- September 11
- September 13 – Mildred D. Taylor, American writer
- September 18 – Nina Wayne, American actress
- September 19 – Joe Morgan, American Hall of Fame baseball player (d. 2020)
- September 21 – Jerry Bruckheimer, American film and television producer
- September 22 – Toni Basil, American musician, video artist ("Mickey")
- September 25 – Robert Gates, 22nd United States Secretary of Defense
- September 28 – J. T. Walsh, American actor (d. 1998)
- October 1 – Jerry Martini, American musician
- October 2 – Franklin Rosemont, American poet (d. 2009)
- October 3 – Jeff Bingaman, American politician
- October 4 – Buddy Roemer, American politician, investor and banker (d. 2021)
- October 5
- October 6 – Michael Durrell, American actor
- October 7 – Oliver North, American military officer, military historian, political commentator, author and television host
- October 8
- October 11 – Gene Watson, American country singer
- October 12 – Jeffrey R. MacDonald, American physician and United States Army Officer
- October 14
- October 15 – Penny Marshall, American actress, director and producer (d. 2018)
- October 18 – Herschel Sparber, American actor
- October 24
- October 27
- October 29 – Don Simpson, American film producer, screenwriter, and actor (d. 1996)
- November 4 – Chuck Scarborough, American news anchor
- November 5 – Sam Shepard, American playwright, actor (d. 2017)
- November 7
- November 10 – Saxby Chambliss, American politician
- November 12 – Wallace Shawn, American actor
- November 13 – Jay Sigel, American golfer
- November 14 – Peter Norton, American software engineer, businessman
- November 17
- November 21 – Larry Mahan, American rodeo cowboy
- November 22
- November 24 – Dave Bing, American mayor, longtime NBA player
- November 25 – Peter Adair, American filmmaker (d. 1996)
- November 26 – Marilynne Robinson, American writer
- November 28 – Randy Newman, American musician
- November 30 – Terrence Malick, American film director
- December 1 – Kenny Moore, American athlete and journalist (d. 2022)
- December 2
- December 8
- December 11 – John Kerry, American politician, 68th U.S. Secretary of State
- December 12
- December 13 – David W. Huff, American rock singer, guitarist of (David and the Giants)
- December 16 – Steven Bochco, American television producer (d. 2018)
- December 17 – Rick Nolan, American politician
- December 19 – Ross M. Lence, American political scientist (d. 2006)
- December 21 – Jack Nance, American actor (d. 1996)
- December 22 – Paul Wolfowitz, American political scientist
- December 23
- December 24
- December 27 – Cokie Roberts, American broadcast political journalist (d. 2019)
- December 28 – Craig MacIntosh, American illustrator
- December 31 – John Denver, American musician (d. 1997)
- January 5 – George Washington Carver, African American botanist (b. 1864)
- January 6 – Alice May Douglas, author (b. 1865)
- January 7 – Nikola Tesla, electrical engineer (b. 1856 in Serbia)
- January 23 – Alexander Woollcott, critic (b. 1887)
- February 3 – Verina Morton Jones, African-American physician, suffragist and clubwoman (b. 1865)
- February 11 – Bess Houdini, stage assistant and wife of Harry Houdini (b. 1876)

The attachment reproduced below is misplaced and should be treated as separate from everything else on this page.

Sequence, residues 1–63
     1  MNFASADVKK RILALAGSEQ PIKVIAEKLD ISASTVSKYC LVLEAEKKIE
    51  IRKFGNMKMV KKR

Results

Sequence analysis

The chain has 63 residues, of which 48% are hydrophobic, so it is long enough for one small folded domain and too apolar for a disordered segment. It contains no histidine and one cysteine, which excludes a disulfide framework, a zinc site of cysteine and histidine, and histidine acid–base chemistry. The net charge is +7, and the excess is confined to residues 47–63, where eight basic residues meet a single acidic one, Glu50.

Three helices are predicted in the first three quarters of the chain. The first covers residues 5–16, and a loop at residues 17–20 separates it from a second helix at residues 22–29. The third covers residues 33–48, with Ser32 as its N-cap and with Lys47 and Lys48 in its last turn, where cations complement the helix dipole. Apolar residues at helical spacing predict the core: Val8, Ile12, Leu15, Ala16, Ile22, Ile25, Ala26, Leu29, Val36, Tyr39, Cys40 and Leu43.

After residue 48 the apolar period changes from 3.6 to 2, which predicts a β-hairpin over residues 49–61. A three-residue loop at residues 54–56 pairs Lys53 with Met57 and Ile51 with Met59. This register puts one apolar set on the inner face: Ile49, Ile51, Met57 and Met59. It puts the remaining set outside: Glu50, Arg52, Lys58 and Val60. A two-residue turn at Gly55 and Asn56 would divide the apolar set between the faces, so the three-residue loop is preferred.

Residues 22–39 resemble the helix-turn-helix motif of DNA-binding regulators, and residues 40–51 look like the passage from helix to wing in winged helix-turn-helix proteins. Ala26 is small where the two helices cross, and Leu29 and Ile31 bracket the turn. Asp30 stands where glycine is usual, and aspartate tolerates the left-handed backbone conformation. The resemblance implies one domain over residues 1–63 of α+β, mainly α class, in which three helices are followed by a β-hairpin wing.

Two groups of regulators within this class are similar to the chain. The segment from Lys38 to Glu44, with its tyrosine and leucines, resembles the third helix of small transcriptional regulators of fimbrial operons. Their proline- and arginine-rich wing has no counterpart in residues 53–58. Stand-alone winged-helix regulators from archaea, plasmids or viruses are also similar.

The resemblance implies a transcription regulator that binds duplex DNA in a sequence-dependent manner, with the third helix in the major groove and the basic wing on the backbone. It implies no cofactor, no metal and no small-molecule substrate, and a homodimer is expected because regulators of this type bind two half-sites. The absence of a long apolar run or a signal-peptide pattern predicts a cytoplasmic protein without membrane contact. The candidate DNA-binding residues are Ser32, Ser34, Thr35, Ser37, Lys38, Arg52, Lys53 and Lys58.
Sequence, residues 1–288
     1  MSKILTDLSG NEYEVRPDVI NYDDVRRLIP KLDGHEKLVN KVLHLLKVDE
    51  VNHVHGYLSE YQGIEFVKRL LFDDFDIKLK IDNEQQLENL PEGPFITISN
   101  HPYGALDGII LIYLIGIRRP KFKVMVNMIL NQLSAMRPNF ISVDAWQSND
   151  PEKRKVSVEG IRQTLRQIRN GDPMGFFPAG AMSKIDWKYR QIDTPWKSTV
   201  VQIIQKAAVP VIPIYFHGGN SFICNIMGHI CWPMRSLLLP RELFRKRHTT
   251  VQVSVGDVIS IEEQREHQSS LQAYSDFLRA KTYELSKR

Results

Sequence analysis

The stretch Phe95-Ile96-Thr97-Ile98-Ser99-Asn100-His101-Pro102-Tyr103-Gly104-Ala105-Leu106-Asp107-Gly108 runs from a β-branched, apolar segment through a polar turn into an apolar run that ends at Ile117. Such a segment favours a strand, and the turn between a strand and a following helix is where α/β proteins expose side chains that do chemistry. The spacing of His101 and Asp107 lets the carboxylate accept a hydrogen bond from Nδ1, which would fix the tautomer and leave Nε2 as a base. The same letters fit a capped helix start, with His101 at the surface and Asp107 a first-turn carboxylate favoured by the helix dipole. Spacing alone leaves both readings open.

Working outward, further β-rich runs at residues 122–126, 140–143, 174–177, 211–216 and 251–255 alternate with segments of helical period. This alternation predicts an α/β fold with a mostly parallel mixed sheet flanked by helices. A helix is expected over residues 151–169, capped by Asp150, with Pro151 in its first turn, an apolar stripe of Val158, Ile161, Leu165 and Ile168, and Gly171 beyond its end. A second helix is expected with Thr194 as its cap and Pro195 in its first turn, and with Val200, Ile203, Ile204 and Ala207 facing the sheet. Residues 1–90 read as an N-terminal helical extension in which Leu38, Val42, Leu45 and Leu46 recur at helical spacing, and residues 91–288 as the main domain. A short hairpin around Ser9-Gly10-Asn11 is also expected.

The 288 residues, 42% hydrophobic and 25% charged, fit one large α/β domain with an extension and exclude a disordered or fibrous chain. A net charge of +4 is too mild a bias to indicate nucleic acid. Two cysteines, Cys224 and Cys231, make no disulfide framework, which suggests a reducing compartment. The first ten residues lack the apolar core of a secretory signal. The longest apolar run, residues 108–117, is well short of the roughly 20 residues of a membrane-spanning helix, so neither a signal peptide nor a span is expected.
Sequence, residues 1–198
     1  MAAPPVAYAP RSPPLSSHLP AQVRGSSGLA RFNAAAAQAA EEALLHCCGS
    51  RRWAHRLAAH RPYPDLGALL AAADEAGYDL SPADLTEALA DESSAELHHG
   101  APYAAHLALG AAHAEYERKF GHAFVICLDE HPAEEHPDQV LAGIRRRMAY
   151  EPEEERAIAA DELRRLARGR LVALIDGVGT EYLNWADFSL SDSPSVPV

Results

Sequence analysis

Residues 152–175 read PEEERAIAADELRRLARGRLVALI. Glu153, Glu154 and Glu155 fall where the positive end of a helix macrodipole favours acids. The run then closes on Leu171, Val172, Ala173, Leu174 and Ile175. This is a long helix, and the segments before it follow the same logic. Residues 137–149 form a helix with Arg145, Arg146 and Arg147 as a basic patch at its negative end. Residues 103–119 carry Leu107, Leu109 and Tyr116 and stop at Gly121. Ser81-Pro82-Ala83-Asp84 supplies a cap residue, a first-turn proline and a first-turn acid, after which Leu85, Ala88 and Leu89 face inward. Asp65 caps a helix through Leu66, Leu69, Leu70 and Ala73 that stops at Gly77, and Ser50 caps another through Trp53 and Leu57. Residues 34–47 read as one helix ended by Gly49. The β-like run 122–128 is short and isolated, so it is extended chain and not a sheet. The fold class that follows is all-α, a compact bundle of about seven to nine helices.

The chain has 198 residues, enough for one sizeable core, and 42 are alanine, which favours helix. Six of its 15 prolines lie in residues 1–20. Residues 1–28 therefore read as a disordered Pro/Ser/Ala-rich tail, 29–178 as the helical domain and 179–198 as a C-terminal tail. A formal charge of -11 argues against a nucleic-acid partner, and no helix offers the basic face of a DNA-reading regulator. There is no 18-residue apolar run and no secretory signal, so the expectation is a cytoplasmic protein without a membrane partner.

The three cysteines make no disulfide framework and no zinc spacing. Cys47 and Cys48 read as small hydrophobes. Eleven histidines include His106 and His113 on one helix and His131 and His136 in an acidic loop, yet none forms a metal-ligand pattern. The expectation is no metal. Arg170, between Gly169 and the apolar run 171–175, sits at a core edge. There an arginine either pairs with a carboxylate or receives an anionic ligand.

- April 3 – Conrad Veidt, actor (b. 1893 in Germany)
- April 4 – David Roitman, cantor (b. 1884 in Russia)
- May 20 – Joe Trees, athlete and oil executive (b. 1870)
- May 22 – Helen Herron Taft, First Lady of the United States (b. 1861)
- July 16 – Saul Raphael Landau, Polish Jewish lawyer, journalist, publicist and Zionist activist (b. 1870 in Kraków)
- September 15 – John Flammang Schrank, attempted assassin of Theodore Roosevelt (b. 1876)
- November 22 – Lorenz Hart, lyricist (b. 1895)
- December 14
- December 15 – Fats Waller, African American jazz pianist (b. 1904)
- "UPI Almanac for Tuesday, Jan. 1, 2019". United Press International. January 1, 2019. Archived from the original on September 2, 2019. Retrieved September 2, 2019.
businessman Ron Perelman in 1943 (age 76)
- Elizabeth A. Brennan; Elizabeth C. Clarage (1999). Who's who of Pulitzer Prize Winners. Greenwood Publishing Group. p. 323. ISBN 978-1-57356-111-2.
- Sharon Davis (1997). The Sixties. Mainstream. p. 184. ISBN 978-1-85158-836-7.
- Steve Hochman (1999). Popular Musicians. Salem Press. p. 263. ISBN 978-0-89356-987-7.
- "UPI Almanac for Wednesday, Jan. 13, 2021". United Press International. January 13, 2021. Archived from the original on February 27, 2021. Retrieved February 27, 2021.
- "Former NM Chief Justice Charles Daniels dies". Albuquerque Journal. 1 September 2019. Retrieved 2 September 2019.
- William Grant Laskey
- Colin Larkin, ed. (1992). The Guinness Encyclopedia of Popular Music (First ed.). Guinness Publishing. p. 1561. ISBN 0-85112-939-0.
- Yardley, William (December 2, 2014). "Kent Haruf, Acclaimed Novelist of Small-Town Life, Is Dead at 71". The New York Times. Retrieved 2017-04-09.
- Memorial service announced for former legislator Raymond Jordan
- James Kallstrom, FBI agent who investigated TWA Flight 800 explosion, dies at 78
- Jim Mueller, former Cleveland sportscaster and radio voice of the Browns, dies at 79
- Former Charlotte Hornets coach Gene Littles dies at 78
- Obituary: Dr. Susan Shaw
- Bev Scalze, former state lawmaker and Little Canada city council member, dies at 77
- Alice May Douglas (1865–1943)
- Media related to 1943 in the United States at Wikimedia Commons